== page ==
Street dance originated in New York in the 1970s. Evolving on the streets of Manhattan and the Bronx, it was developed as an improvised, social dance form, reacting against traditional, high-art dance styles. Street dance was used as an expression of resistance and cultural identity outside of the mainstream.
The energetic nature of street dance makes it popular with young people on a variety of levels, both as an art form, a competitive activity or for physical exercise.
Street dance, also informally referred to as street, is an umbrella term which encompasses a range of dance styles characterised by descriptions such as hip hop, funk and breakdancing. Its eclectic nature has spawned a whole new street dance lexicon, including terms such as popping, locking, waving and krumping.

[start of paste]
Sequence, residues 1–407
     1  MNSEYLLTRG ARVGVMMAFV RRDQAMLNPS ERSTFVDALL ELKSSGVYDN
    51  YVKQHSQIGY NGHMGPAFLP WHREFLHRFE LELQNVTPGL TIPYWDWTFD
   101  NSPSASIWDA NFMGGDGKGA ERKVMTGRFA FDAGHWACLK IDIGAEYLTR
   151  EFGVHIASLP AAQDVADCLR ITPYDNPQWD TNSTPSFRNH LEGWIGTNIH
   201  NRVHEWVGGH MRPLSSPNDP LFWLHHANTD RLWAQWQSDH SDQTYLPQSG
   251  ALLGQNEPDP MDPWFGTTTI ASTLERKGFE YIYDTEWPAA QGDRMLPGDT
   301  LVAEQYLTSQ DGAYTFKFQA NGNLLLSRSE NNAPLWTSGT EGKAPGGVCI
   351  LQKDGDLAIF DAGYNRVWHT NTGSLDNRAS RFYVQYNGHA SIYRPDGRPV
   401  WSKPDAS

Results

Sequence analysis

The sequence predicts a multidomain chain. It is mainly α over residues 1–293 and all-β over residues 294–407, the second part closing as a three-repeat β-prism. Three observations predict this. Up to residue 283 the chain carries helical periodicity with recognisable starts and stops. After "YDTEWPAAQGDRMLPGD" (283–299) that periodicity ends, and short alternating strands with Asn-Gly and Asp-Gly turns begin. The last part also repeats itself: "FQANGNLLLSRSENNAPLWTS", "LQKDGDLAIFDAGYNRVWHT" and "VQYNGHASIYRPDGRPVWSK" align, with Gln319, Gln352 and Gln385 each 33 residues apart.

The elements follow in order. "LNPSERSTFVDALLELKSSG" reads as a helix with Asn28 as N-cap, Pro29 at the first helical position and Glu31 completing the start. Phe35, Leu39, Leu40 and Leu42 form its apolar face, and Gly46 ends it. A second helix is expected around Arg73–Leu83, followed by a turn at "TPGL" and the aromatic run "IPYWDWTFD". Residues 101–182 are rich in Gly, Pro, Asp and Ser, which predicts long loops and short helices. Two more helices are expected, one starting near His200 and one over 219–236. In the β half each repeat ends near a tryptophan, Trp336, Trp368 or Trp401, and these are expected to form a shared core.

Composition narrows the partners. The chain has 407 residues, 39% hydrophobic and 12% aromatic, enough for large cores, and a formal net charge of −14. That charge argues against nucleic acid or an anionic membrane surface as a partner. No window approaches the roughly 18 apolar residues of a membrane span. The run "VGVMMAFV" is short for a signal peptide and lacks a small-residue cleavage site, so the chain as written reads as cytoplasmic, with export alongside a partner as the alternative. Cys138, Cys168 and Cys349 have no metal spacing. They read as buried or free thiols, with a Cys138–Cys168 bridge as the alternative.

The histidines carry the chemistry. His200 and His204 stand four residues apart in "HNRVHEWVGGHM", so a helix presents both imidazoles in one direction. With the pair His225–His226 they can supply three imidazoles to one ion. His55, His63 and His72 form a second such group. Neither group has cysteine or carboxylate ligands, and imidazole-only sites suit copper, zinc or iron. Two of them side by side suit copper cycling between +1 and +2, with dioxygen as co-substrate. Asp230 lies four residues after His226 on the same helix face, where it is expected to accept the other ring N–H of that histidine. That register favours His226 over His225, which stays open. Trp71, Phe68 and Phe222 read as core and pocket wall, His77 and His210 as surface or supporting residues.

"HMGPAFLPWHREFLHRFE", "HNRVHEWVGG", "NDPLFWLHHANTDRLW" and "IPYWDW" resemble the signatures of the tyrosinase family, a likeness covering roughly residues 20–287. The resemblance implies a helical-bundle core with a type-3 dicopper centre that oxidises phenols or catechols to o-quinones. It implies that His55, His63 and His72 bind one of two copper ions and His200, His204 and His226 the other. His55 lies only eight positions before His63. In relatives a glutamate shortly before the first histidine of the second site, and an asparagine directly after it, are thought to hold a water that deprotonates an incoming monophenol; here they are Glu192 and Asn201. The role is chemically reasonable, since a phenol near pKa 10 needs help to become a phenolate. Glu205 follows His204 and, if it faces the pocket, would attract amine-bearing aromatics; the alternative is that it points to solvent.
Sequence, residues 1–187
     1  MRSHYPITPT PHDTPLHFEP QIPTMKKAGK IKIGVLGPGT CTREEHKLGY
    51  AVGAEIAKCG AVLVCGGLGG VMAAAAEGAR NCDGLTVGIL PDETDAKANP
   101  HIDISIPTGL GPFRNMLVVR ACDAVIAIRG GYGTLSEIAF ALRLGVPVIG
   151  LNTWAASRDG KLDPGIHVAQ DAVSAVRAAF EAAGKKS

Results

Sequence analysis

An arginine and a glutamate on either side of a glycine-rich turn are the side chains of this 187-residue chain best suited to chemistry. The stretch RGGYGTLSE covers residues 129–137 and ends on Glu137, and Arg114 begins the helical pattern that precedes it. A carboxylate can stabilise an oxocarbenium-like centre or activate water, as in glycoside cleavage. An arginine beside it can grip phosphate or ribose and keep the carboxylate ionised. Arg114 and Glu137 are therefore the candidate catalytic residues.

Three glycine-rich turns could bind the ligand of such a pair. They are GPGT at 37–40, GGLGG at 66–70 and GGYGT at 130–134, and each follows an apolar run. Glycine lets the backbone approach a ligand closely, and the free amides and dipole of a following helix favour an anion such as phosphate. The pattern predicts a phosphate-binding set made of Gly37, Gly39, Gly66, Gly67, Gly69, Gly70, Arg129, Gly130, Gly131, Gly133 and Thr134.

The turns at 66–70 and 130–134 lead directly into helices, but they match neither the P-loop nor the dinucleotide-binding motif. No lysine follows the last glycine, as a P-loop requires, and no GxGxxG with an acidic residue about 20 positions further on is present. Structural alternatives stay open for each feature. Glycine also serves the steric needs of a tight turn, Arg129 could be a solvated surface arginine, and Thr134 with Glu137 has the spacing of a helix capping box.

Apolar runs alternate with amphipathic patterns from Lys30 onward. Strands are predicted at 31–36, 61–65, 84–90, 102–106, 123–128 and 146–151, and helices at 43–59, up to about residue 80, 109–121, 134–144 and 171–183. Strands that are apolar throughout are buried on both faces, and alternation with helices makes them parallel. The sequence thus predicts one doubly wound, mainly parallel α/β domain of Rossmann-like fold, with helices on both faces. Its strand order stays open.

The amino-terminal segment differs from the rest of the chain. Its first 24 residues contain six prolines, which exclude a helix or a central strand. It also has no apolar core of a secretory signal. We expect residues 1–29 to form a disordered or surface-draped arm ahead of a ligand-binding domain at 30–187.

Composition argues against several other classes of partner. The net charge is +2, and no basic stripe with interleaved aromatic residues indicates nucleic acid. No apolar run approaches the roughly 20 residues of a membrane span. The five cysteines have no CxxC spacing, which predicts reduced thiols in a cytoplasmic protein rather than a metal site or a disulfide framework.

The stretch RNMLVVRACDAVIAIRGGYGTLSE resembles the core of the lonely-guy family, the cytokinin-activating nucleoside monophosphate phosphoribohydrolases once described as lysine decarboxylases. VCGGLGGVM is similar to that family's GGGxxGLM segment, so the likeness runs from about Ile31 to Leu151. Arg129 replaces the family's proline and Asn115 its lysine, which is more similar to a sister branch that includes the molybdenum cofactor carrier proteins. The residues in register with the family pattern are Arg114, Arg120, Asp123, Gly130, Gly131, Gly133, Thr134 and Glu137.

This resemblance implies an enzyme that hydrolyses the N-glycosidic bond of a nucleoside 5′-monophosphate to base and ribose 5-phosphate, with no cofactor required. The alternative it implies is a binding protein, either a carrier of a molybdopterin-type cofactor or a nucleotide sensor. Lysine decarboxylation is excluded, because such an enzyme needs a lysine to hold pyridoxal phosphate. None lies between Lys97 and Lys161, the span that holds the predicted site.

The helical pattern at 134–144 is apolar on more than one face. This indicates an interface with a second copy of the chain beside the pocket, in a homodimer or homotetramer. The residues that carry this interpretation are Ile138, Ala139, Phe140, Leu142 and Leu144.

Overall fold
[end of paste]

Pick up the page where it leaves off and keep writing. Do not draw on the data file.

When a dancer pops, they jerk their body by quickly contracting and relaxing the muscles. The movements they make are correspondingly referred to as pops or hits. Locking refers to fast, exaggerated, movements which then freeze into a rigid position (a lock), whereas waving describes a more fluid style where movement appears to ripple through the limbs (as if a wave were traversing the dancer's body). Krumping is characterised by free, expressive and energetic movement of the arms, legs, chest and head. Proponents of these different styles can correspondingly be described as poppers, lockers, wavers and krumpers.